America’s Resilient Shoppers Defy COVID
Snap quiz: What’s the national pastime of America? If you answered baseball or football, you’re wrong. It’s shopping.
In the U.S., consumer spending accounts for about two-thirds of U.S. gross domestic product (GDP), providing the growth engine that has pulled the country’s economy out of most downturns for the past seven decades.
How has the coronavirus pandemic affected consumer spending? You might be surprised to learn that after a sharp decline, spending has returned to its previous levels. That’s great news for stocks.
The benchmark SPDR S&P 500 ETF (SPY) ended 2020 at a new all-time high on a closing basis. Wall Street is forward looking, so markets have continued to rally as investors focus on imminent fiscal stimulus, accelerating vaccination rates, and resurgent retail spending.
On Thursday, the Dow Jones Industrial Average fell 7.10 points (-0.02%), the S&P 500 rose 6.50 points (+0.17%), and the tech-heavy NASDAQ climbed 53.24 points (+0.38%). The S&P 500 and the NASDAQ hit new record highs. In pre-market futures trading Friday, stocks were edging lower.
Wither the stock market in 2021? As always, much depends on consumers. Without confident consumers who have money in their pockets, there won’t be a recovery. On that score, the trends are bullish.
President Biden’s $1.9 trillion coronavirus relief bill would give the economy and stock markets a shot of adrenaline, triggering a nationwide hiring spree. Higher employment and individual stimulus checks would in turn prompt a burst of consumer spending.
Retail sales are projected to grow by 8.1% this year, the fastest pace this century, to a record $4.3 trillion, according to a report published Thursday by retail consulting firm Customer Growth Partners. This strong rate of growth exceeds the annual 6.4% increase in 2004, which had been the biggest increase of the century so far.
Recent retail sales data already in the books show how the table has been set for an unprecedented level of shopping this year.
Research firm FactSet looked at three data sets to gain insights into U.S. consumer spending during the pandemic: Retail Sales, Personal Consumption Expenditures, and S&P 1500 Consumer Discretionary sector revenue growth.
According to this aggregated data drawn from the U.S. Census Bureau, consumers had resumed their previous levels of spending by the end of 2020 (see chart).
In fact, total retail sales excluding food services were up 6.3% in December compared to December 2019. By examining the fourth quarter, which includes the full holiday season as well as the autumn surge in coronavirus cases nationwide, we can determine which industries are the worst affected and which ones are thriving.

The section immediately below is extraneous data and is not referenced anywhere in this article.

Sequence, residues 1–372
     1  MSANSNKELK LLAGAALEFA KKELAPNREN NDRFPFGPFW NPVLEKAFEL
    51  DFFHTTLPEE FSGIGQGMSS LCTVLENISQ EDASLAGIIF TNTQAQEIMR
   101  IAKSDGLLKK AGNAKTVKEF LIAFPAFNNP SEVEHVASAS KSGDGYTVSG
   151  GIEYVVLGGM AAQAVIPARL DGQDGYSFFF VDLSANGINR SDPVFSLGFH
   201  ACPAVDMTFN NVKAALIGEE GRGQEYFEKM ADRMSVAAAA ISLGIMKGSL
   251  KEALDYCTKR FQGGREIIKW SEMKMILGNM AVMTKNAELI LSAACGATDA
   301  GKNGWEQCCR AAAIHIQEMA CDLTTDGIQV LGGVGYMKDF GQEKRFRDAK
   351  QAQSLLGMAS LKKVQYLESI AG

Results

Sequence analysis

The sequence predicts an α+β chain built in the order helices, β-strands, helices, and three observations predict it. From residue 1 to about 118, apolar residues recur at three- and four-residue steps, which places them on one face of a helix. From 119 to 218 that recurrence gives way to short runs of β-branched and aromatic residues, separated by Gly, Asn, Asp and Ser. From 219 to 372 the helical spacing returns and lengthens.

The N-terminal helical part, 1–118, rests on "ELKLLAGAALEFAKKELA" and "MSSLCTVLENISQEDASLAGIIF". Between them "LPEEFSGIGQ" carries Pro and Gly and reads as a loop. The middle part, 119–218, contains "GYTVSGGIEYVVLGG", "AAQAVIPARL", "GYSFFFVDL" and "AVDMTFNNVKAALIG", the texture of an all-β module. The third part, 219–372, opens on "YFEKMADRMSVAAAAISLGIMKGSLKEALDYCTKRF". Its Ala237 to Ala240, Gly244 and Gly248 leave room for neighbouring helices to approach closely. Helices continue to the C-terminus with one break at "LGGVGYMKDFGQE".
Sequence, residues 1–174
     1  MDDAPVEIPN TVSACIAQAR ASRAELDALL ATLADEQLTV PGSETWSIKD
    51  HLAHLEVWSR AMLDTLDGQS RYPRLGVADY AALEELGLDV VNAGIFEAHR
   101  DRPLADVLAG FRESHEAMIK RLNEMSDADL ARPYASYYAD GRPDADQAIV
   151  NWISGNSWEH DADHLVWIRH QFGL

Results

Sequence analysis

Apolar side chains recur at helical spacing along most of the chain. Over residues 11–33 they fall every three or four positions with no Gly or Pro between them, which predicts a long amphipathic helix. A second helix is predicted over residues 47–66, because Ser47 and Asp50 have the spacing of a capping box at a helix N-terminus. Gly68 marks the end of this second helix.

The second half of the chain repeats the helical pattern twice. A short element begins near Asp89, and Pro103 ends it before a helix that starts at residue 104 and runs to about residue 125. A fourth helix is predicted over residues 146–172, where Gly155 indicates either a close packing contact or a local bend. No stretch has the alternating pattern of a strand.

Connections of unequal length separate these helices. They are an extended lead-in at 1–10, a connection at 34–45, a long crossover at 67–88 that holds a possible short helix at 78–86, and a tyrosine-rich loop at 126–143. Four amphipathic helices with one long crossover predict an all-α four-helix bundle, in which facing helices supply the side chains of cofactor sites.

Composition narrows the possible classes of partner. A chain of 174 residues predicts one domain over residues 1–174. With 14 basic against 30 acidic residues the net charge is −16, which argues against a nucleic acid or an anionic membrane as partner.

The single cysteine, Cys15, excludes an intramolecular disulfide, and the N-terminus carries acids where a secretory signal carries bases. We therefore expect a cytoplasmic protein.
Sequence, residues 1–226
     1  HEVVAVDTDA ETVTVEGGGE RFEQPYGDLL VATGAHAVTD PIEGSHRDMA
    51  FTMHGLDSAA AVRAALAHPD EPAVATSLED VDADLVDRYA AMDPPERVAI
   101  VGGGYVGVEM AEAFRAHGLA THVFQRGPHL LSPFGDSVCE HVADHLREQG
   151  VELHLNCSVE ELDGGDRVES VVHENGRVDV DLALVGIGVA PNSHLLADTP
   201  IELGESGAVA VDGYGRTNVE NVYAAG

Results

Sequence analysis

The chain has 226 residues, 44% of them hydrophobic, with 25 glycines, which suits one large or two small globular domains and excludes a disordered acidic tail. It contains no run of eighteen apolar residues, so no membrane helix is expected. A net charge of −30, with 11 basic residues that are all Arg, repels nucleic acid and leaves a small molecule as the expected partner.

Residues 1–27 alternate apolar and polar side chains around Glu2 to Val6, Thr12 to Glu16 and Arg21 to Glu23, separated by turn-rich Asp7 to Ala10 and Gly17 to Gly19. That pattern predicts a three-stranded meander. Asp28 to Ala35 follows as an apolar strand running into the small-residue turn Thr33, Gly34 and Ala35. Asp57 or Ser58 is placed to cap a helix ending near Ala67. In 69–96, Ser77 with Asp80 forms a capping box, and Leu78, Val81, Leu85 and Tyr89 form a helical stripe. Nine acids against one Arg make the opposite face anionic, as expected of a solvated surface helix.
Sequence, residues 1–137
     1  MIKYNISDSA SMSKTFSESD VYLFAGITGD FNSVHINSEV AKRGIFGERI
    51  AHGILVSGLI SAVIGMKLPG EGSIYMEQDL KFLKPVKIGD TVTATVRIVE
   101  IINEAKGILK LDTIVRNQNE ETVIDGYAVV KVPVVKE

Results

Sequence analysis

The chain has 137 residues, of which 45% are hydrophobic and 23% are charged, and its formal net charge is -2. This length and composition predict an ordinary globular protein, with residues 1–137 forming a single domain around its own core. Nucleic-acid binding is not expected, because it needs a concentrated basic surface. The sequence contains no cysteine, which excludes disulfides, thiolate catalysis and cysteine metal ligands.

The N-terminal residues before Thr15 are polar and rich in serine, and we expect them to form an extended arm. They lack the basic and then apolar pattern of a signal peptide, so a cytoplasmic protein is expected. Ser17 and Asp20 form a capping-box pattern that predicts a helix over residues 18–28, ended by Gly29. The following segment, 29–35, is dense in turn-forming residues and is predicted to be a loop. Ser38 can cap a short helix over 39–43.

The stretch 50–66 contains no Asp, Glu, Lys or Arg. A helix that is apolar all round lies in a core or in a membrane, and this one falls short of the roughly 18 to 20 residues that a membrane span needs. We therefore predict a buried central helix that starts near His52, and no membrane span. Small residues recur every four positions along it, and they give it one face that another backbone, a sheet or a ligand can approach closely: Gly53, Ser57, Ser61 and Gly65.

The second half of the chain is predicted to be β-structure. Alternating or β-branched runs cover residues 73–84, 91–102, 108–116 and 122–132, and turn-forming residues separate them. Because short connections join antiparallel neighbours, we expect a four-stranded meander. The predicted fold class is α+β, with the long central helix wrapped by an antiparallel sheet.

Compared to the fourth quarter of 2019, restaurants, gas stations, apparel, and electronics and appliance stores all suffered double-digit declines in Q4 2020. However, retailers selling entertainment goods and construction materials, as well as e-commerce, enjoyed double-digit growth.
Consumers to the rescue…
For anecdotal confirmation about changing retail habits during the pandemic, just look to your own daily life. You’ve probably forsaken restaurants and bars in favor of eating and drinking at home. It’s likely that your family is avoiding physical movie theaters, theme parks and sports stadiums and seeking diversion instead from cloud-based gaming and streaming video.
Quarantined homeowners are tackling long-deferred, do-it-yourself improvement projects. Gym memberships are getting canceled and replaced with in-home exercise equipment. Business attire is giving way to track suits and yoga pants ordered online.
Retail spending dramatically fell during the early months of the pandemic, but there was a surge in the late spring and summer due to pent-up demand. The first round of stimulus checks in March 2020, combined with high household savings rates, helped fuel that surge. Under the Biden administration, new stimulus checks will soon be wending their way to checking accounts.
Of course, the pandemic has divided the economy into winners and losers. Modes of retail spending that already were on the wane (e.g., physical stores in shopping malls) will experience a hastened demise. E-commerce and at-home activities will continue to prosper.
But like the cavalry in the final reel of a Western, the American consumer has come to the rescue. In anticipation of a robust consumer-led recovery, our investment team has put together a new special report: “5 Red Hot Stocks to Own in 2021.”
We spent the last several months digging through thousands of pages of financial documents, listening to corporate earnings calls, monitoring how companies are managing the coronavirus crisis, and out of the thousands of stocks reviewed, we’ve pinpointed five that are poised to deliver outsized gains this year and beyond. For your copy of our special report, click here.
John Persinos is the editorial director of Investing Daily. To subscribe to John’s video channel, follow this link.
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